E3 is inching closer and closer to double digit days—closer and closer to the apocalypse. Okay, fine, the end of days is unrelated to video games (it’s definitely coming, though, because we have a big wild animal in a major seat of power), but it’s a sure sign of a breaking point. E3 is amidst a transition period as they commit to opening up to the public, and this tortuous—if still exciting—dilation is emblematic of that incomplete shift.
Hence EA Play, Electronic Arts’ branded mishmash of fans and industry folk. Their open-to-the-public Fan Fest starts and ends entirely before E3 even begins while their press conference unceremoniously injects an additional negative countdown into the marathon week. (Day 0, Day -1, and Day -2! That’s as many actual days the E3 floor is open.) A schism is coming. Whether it’s violent or graceful or just plain ol’ sloppy, fans and press/marketing/developers/purchasers aren’t going to be able to intermingle for much longer.
And that signaling starts this year with EA Play, a competent but unexciting and predictable starters pistol. What’s Good Games cofounder Andrea Rene has taken the hosting reins this year and did a terrific job, but the material backing her was a bit lackluster. Let’s get into it.
E3 bingo starts out strong with battle royale blasting off right out of the gates. Not a surprising announcement considering, well, it’s EA and they have eyeballs. (Apparently to the chagrin of fans.) What is surprising, however, is that we don’t know anything else. No player count, no gameplay changes, nothing. Just the usual placard of more vehicles, destruction, etc.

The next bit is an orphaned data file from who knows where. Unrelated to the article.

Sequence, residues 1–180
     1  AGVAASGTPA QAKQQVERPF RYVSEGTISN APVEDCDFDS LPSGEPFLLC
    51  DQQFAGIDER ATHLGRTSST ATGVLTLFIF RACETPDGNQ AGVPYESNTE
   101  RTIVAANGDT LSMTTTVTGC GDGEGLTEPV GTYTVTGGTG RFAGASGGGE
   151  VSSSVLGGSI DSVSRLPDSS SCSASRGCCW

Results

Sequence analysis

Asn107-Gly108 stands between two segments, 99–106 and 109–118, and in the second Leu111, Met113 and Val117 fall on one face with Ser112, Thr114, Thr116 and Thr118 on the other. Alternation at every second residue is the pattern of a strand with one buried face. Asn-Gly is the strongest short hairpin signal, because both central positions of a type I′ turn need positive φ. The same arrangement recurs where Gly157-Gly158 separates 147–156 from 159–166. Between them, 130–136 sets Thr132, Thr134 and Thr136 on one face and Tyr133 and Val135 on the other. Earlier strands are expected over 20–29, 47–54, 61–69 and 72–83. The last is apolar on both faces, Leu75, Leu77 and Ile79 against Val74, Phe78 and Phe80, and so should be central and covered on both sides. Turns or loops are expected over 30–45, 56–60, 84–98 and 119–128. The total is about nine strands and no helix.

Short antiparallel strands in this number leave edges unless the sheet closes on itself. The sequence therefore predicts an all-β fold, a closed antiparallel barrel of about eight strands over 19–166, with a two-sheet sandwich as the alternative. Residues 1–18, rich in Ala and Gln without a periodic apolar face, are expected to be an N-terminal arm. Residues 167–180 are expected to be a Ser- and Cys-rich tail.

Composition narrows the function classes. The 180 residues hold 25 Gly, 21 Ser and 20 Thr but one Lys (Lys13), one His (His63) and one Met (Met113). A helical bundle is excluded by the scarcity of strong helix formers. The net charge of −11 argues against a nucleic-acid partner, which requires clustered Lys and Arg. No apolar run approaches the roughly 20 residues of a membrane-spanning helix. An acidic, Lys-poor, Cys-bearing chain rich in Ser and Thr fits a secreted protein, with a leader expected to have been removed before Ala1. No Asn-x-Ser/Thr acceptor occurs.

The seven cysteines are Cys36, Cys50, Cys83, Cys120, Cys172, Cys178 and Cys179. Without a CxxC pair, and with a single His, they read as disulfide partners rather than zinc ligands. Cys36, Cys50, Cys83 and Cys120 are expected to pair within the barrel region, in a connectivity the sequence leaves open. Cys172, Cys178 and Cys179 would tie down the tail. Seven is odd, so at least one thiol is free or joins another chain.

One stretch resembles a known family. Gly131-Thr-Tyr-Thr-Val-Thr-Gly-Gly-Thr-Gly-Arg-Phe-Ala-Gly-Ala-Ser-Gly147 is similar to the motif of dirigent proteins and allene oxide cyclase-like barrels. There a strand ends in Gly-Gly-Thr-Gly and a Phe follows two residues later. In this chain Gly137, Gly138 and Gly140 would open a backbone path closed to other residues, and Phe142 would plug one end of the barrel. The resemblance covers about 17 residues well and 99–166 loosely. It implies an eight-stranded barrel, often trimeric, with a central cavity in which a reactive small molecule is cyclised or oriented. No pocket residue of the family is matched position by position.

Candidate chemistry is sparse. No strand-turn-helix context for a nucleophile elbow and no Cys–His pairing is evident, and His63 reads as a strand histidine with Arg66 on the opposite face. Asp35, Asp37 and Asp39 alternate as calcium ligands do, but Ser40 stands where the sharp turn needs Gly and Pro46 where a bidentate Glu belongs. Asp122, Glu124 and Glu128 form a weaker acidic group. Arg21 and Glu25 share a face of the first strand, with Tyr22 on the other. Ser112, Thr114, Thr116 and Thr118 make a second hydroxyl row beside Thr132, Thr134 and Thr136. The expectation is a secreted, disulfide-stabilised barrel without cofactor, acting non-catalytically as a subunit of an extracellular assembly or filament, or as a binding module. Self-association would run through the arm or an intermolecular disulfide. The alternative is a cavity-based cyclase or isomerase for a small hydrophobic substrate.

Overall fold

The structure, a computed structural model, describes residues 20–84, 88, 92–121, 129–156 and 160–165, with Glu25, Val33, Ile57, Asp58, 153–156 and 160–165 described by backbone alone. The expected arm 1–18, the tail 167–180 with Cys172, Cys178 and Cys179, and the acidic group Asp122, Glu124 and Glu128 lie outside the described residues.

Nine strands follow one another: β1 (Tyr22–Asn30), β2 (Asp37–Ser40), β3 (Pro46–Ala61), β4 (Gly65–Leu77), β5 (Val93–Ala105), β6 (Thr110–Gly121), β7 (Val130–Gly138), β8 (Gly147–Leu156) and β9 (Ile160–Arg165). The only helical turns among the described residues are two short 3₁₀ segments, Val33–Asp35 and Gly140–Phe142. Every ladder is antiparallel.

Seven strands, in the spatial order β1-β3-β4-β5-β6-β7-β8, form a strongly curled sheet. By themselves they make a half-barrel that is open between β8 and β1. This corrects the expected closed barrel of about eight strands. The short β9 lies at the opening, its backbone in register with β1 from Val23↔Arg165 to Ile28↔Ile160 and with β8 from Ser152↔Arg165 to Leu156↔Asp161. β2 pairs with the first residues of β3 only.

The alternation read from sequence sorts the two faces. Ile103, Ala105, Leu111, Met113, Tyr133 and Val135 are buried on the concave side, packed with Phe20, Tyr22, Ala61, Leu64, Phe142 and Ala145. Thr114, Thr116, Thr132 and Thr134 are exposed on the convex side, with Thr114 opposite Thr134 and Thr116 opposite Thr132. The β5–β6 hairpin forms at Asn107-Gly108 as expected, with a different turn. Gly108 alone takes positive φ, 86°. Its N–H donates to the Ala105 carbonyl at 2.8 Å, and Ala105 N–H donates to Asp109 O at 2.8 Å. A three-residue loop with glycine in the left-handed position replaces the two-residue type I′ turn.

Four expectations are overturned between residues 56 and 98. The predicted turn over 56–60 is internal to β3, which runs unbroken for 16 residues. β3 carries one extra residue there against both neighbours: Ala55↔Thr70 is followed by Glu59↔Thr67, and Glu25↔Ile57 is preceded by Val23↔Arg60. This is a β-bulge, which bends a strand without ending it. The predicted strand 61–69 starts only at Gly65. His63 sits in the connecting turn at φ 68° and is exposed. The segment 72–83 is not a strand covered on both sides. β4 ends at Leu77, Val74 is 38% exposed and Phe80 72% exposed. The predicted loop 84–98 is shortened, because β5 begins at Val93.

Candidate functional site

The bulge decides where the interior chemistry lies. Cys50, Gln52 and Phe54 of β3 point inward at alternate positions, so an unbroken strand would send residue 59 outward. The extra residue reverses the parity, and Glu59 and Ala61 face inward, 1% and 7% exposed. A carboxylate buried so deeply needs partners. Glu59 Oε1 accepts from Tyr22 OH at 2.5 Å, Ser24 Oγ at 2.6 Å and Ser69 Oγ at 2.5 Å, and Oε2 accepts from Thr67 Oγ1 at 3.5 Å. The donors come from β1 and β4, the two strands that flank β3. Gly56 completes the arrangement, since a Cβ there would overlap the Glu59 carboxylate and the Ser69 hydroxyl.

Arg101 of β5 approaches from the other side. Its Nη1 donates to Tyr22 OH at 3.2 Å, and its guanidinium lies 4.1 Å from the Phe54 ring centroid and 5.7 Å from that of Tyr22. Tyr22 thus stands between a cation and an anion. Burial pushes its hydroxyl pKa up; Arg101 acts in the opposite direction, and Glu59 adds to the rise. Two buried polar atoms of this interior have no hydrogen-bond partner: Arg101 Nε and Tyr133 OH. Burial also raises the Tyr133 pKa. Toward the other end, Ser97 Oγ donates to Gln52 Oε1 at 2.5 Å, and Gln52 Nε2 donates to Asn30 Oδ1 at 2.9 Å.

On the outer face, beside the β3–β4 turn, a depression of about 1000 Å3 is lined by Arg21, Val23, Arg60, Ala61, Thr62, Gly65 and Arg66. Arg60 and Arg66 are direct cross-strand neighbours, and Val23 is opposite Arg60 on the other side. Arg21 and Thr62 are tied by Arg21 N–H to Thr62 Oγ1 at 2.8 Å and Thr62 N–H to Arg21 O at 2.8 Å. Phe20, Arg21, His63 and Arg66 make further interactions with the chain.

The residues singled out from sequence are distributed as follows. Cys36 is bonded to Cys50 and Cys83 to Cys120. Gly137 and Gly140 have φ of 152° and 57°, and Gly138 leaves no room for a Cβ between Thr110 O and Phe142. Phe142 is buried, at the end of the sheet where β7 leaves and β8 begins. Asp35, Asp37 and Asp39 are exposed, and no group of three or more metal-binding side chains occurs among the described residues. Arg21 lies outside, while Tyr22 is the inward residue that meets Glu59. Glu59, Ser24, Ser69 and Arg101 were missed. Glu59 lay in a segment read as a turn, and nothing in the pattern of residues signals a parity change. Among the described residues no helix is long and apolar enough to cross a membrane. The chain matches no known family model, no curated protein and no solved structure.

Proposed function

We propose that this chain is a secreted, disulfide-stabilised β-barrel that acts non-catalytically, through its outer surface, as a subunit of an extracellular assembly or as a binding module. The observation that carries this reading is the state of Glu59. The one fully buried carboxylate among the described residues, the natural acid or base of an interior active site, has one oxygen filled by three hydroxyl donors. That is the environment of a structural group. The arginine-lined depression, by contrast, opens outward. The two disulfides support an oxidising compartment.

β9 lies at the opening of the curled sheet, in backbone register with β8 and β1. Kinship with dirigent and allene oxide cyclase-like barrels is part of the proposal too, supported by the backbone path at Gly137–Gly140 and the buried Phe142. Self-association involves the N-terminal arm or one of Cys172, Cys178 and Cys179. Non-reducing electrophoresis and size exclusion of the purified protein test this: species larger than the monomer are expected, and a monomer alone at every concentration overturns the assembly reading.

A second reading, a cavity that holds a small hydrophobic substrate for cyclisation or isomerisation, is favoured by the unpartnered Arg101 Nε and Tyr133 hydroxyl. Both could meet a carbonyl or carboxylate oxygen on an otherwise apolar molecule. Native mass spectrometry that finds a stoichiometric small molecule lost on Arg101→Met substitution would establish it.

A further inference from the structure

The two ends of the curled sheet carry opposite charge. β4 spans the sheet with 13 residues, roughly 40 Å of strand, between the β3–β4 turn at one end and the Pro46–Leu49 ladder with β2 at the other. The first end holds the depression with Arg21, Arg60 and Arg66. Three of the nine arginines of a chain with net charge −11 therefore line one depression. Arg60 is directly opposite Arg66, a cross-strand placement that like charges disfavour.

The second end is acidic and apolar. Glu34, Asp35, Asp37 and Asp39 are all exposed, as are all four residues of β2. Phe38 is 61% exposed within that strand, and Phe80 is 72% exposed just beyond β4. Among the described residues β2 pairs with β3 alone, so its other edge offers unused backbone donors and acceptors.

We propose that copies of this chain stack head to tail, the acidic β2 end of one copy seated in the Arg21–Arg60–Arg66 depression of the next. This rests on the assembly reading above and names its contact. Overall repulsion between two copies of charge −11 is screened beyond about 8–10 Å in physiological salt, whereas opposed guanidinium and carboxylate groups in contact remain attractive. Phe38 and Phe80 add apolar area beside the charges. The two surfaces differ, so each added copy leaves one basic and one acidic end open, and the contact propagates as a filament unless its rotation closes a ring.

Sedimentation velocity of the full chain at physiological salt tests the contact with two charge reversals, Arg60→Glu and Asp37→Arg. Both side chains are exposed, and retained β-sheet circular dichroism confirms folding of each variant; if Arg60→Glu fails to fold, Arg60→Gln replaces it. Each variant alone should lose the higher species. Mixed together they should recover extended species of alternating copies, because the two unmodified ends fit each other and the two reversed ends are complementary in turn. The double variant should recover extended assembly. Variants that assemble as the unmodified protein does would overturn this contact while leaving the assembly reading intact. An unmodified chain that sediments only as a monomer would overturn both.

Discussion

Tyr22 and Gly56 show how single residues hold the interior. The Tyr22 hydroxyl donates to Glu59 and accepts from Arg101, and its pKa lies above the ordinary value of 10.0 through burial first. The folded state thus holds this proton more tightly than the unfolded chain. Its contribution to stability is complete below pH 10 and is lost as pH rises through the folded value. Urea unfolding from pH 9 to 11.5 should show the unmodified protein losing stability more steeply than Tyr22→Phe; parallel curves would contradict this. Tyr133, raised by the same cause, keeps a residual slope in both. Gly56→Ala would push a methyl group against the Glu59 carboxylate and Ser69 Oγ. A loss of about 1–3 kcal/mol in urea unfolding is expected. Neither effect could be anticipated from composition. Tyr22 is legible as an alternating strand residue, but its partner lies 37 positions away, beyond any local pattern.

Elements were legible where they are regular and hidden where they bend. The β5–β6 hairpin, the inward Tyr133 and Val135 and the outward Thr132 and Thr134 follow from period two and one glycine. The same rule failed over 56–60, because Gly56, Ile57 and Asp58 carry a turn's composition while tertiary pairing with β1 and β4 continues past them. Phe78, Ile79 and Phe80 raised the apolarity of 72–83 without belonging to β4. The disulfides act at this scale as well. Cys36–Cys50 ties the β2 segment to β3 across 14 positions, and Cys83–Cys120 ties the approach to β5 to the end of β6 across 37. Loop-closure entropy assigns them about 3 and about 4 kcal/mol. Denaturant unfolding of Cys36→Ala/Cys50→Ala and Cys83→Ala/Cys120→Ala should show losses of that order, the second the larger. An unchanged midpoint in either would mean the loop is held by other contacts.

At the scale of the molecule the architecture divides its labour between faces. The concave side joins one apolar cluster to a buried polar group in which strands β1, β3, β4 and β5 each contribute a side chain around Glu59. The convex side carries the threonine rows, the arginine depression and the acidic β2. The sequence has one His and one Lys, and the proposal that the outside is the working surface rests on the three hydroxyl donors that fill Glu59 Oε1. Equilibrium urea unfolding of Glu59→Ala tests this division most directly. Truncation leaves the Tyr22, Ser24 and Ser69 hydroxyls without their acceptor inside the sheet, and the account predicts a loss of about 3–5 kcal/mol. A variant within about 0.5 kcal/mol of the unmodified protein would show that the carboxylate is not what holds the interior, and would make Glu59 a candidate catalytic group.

Look for it on October 19, 2018, on PlayStation 4, Xbox One, and PC.
Actually one of the bigger announcements was tucked away in the FIFA 19 segment: EA has taken control of the official Champions League license after 10 uninterrupted years of Konami and Pro Evolution Soccer. Pretty cool for the folks that care, but it was generally smothered amidst Battlefield V footage, Command & Conquer rage bait, and the inscrutable Anthem talk. (We’ll get to the latter two soon.)
It releases on September 28, 2018, on basically every platform you could possibly still have plugged in.
Streaming Games…for Money!
This is another step in an emerging trend among publishers to get people used to the idea of not owning games. It’s all short-term licensing under the guise of facilitated access, which to their credit is true. It’s the way the Internet has been pushing us all with Netflix, Hulu, all your mobile games in the App Store and Google Play. This is just EA’s own push into the space following their acquisition of GameFly’s streaming tech last month.
Star Wars Jedi: Fallen Order
Well, we have a name, I guess, so that’s fun. We’ll probably have more news between now and its holiday 2019 release.
Star Wars Battlefront II Clone Wars DLC